Bloomberg has a piece in which it writes that "while Instacart sales are still higher compared to pre-pandemic levels, its year-over-year sales growth and average sales per customer are declining. However, Instacart is continuing to see sales growth in some metro areas like Dallas, Philadelphia, and New York."
There are a number of reasons for the lower growth. Less demand for delivery in a post-pandemic world. More competition. Lower grocery spending overall. Even some retailer trepidation about Instacart's ownership of their customer data.
Bloomberg writes: "In light of Instacart’s reduced valuation, investors may be wondering if an Instacart IPO should be expected this year. According to Instacart CEO Fidji Simo, the new valuation does not affect their plans for an IPO, but the company is in 'no rush' to go public.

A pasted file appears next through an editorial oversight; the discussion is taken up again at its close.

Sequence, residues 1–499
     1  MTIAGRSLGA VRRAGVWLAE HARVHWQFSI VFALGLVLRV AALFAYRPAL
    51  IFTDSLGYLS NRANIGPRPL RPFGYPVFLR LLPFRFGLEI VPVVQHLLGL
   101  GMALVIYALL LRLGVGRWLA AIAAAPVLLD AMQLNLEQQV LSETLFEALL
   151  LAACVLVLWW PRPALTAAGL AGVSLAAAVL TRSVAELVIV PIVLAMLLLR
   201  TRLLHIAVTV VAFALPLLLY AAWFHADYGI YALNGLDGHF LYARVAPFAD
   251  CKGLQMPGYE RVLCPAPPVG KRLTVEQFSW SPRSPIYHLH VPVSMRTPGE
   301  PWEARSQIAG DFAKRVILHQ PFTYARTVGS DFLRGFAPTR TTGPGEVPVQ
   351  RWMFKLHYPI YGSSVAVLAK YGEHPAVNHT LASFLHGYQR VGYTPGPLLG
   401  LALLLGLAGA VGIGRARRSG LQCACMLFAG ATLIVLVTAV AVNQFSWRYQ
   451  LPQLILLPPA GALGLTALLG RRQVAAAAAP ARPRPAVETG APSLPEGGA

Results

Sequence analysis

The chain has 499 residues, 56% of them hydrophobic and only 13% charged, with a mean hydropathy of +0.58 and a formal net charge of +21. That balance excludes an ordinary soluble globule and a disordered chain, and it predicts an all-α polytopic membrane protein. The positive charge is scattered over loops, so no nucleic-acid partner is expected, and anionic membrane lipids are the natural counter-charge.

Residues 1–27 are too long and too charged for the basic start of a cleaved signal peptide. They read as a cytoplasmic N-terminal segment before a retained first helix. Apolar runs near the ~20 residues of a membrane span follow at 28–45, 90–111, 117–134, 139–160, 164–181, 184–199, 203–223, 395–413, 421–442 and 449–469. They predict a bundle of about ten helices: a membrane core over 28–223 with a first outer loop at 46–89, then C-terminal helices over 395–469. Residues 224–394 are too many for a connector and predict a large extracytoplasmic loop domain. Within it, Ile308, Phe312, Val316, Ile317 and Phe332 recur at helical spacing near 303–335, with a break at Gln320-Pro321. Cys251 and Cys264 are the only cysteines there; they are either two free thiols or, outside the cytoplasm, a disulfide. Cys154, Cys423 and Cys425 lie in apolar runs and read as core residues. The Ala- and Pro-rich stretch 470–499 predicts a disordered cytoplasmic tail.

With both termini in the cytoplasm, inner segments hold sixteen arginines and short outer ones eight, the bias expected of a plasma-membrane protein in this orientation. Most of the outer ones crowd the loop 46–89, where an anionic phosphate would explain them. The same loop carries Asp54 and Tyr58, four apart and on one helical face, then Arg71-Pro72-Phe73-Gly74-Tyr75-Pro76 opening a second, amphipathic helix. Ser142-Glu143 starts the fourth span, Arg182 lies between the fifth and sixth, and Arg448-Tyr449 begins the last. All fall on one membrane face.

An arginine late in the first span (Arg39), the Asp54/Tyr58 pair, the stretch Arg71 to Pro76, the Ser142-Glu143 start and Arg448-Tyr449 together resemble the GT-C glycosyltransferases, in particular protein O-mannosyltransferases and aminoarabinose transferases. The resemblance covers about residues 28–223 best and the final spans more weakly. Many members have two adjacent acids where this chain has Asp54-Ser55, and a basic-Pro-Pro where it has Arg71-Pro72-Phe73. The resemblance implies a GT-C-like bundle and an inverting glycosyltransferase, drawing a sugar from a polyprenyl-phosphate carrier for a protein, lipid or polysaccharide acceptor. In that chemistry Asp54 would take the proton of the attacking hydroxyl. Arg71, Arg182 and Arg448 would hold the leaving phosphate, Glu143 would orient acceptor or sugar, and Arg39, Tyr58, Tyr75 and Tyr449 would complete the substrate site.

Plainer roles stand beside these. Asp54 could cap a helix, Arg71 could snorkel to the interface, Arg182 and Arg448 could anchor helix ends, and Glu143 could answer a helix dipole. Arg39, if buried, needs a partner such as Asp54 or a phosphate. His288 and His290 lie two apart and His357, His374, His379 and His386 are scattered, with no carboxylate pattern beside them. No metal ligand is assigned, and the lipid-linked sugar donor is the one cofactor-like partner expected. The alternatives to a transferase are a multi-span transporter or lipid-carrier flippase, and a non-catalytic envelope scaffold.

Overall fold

"Instacart is reportedly exploring new revenue streams through its self-service ad platform and its shoppable recipe partnerships with platforms like TikTok and Tasty. Last month, Instacart also launched the Instacart Platform, a suite of services for retailers that includes in-store smart carts, analytics tools, and nano-fulfillment centers that enable 15-minute delivery."
- KC's View:
Of course growth has slowed. How could it not?
The Instacart model saw enormous growth because of the pandemic and abject fear on the part of many retailers once Amazon bought Whole Foods. Well, the pandemic is (almost?) over, and it isn't like Amazon has turned Whole Foods into some sort of juggernaut.
So the moment has cooled off. For now. But I fully expect Instacart to continue to innovate and, if it can get away from its traditional approach of owning retailers' customer data, become an even bigger and more effective player.